From £30,565
The most powerful engine in the range comes with plenty of zip

Our Verdict

Audi A4 Allroad

The Audi A4 Allroad has all the benefits of an A4 Avant, with none of the drawbacks of a full SUV. It makes a pretty convincing case for itself.

1 April 2009

What is it?

It’s a sign that, if Audi sees even half a niche, it’s going to do whatever it can to fill it. Just as it has done with the latest A6 Allroad, the A4 Allroad is designed to squeeze into the tiny crack between the A4 estate and the Q5 soft-roader.

This one is the strongest of the range, with the 3.0-litre TDI crunching out 369lb ft – effortlessly.

What’s it like?

It’s a lot like an A4 Avant 3.0 TDI, but it has a much better ride.

The beauty of this engine is that, while it’s strong enough to dominate proceedings, it only ever breaks out the muscle when you ask it to.

It’s very smooth at idle and on part-throttle acceleration, and it’s a comfortably quiet companion most of the time. Ask it for all it’s got and the V6 will become more urgent, pushing a full 369lb ft from 1500 to 3000rpm, before running through an uncivilized gruff patch between 4300 and 4600 revs.

That’s easily avoided, however, because with the double-clutch gearbox offering seven gears, there’s usually a taller one that lets you get back into the torque band again. And it seems no slower that way.

The shifts and the throttle response feel much sharper in the car’s ‘Dynamic’ mode, which holds the shorter gears for longer and downshifts crisply under braking. But it’s not its forte. Just leave it in ‘Drive’ and let the incredible in-gear flexibility do all the work. All that, and only 39.8mpg.

The suspension seems somehow more holistically organized than the standard A4. Longer springs and stronger dampers give it 26mm more wheel travel at the front and the steering feel doesn’t lose anything much from the change, largely because it didn’t have much to lose anyway.

With 180mm of clearance, it’s picked up only 40mm on the A4 Estate, which is among Audi’s funny ideas for a soft-roader. For example, on our test, its executives defended the lower part of the doors, which collect mud from the 17-inch tyres and swipe it on your calves with every entry or exit, because they say people won’t drive it in muddy conditions. How odd.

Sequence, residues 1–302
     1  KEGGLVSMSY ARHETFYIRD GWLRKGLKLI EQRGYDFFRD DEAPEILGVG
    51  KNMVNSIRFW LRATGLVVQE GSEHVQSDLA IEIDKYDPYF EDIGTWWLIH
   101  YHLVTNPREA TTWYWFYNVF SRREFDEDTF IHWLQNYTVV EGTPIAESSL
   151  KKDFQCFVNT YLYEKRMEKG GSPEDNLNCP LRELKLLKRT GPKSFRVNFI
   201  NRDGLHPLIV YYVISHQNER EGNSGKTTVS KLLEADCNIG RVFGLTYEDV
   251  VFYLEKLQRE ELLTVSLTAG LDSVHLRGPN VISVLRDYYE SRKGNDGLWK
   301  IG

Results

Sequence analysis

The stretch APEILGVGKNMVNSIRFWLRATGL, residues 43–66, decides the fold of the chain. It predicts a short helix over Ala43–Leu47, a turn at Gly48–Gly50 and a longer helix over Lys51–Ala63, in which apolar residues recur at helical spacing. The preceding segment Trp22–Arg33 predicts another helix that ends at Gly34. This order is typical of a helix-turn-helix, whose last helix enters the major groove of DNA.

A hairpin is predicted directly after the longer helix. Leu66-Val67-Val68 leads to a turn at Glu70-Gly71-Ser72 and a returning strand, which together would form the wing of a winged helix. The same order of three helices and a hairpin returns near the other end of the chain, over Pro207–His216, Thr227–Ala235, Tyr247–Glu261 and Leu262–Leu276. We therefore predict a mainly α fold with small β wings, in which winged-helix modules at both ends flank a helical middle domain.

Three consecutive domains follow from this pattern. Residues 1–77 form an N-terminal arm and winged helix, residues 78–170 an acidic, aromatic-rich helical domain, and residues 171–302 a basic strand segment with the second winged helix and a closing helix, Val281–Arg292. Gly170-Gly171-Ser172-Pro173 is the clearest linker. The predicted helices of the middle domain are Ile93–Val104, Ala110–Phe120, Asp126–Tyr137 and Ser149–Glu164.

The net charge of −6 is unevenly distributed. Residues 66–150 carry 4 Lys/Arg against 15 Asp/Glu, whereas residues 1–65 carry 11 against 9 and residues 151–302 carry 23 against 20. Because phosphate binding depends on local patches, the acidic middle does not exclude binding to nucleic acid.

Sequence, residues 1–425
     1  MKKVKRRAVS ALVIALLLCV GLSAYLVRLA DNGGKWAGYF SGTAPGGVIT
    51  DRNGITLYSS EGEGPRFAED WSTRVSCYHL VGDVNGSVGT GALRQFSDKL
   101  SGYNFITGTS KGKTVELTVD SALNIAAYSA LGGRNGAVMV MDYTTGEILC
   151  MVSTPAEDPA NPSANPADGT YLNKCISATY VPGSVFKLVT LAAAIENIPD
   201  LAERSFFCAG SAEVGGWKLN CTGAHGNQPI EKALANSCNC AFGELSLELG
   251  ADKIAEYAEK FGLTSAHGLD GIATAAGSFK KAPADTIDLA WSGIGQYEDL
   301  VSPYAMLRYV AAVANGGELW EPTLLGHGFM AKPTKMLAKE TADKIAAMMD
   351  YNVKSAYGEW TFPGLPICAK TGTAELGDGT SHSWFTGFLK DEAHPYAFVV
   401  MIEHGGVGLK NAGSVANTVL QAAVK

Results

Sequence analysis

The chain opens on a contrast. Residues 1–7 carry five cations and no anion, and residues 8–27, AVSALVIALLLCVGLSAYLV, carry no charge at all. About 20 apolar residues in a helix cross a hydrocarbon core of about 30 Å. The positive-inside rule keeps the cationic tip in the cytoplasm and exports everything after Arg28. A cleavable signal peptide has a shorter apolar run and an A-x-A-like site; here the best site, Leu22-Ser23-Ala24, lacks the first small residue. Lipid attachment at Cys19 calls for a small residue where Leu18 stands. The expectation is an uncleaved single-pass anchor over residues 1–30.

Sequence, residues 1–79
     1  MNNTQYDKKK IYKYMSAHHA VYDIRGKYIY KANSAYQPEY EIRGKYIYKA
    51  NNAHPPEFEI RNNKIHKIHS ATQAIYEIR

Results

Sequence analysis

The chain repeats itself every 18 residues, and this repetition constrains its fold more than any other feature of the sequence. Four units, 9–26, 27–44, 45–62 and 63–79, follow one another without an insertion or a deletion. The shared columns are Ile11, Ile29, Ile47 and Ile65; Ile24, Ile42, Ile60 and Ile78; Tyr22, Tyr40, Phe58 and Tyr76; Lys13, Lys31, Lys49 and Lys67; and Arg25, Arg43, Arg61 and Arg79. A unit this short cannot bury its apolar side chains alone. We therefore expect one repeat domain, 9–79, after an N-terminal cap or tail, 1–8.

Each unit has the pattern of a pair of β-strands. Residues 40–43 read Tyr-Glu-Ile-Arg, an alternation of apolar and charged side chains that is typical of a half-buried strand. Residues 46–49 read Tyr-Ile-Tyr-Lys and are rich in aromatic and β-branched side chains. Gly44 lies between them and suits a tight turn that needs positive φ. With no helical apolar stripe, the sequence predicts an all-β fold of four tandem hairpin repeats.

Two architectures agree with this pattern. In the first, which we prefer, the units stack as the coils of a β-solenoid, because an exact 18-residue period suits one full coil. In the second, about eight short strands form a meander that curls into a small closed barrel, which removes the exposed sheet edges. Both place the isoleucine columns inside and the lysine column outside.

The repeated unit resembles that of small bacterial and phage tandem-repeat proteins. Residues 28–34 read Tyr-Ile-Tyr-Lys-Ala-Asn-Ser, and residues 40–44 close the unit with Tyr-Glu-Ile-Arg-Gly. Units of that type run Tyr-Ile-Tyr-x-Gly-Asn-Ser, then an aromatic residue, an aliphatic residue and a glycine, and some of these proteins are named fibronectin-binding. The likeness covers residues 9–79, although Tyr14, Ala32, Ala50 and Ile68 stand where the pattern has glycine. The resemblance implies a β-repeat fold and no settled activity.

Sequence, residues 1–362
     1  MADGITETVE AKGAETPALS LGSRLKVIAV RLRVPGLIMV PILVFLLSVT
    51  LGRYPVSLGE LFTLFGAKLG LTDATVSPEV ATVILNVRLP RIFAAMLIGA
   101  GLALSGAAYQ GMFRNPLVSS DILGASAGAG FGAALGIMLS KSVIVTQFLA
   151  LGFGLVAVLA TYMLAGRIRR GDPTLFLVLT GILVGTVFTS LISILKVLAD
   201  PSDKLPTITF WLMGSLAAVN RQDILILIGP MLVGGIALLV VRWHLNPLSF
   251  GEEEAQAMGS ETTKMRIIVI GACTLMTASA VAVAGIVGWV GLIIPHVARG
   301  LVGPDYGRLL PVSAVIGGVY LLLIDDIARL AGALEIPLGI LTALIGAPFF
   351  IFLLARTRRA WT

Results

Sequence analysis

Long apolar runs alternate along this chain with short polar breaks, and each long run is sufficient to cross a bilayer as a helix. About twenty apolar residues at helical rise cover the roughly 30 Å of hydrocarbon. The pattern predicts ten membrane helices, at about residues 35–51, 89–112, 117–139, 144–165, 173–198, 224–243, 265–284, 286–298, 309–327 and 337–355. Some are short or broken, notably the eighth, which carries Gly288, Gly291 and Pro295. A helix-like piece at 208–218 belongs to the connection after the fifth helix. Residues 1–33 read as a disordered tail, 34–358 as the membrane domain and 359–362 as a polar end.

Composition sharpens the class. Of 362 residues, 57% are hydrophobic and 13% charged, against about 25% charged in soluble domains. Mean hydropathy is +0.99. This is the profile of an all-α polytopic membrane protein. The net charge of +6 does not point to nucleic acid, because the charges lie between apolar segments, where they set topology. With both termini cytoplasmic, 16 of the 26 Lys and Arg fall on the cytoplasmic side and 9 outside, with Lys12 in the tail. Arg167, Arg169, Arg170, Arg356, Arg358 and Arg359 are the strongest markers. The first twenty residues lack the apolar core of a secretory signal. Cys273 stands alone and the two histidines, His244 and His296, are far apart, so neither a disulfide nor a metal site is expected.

It has some trick tech, like the off-road software tucked away inside its ESP computer which lets it have a bit of wheelspin when it’s chasing traction on loose surfaces, and gives the ABS some lock-up ability to build up a dirt buffer in front of the tyres.

The interior is also generous by most standards, though some cheap materials have crept in on places like the door grips.

Should I buy one?

This depends on what you want. If you want the best of the A4 Allroads, you are: a) in a very small club and, b) best off in the 2.0-litre TDI. But there will be moments in tall gears when it won’t be strong enough, which is where this one comes in.

If you want the best and strongest engine in an A4 estate with the best ride quality, then the A4 Allroad fits the bill – for reasons that seem more by accident than design. It’s the most comfortable of all the A4 3.0-litre TDIs you can find.

Michael Taylor

Join the debate


2 April 2009

So the by fitting the Long-Travel Allroad suspension, Audi has finally made the A4 really comfortable? Great - even if it was by accident, although the A6 Allroad rides better than the standard A6 too. Didn't most of the French cars prove the benefits of long travel suspension for ride comfort ages ago?

I can see the advertising now:

The new Audi A4 Allroad, unmistakably...French*

(*although it won't fall to bits as much and costs more)

2 April 2009

I have said it before and say it again ALLROAD = Motorised Phlem

Global Warming.. My Rs

3 April 2009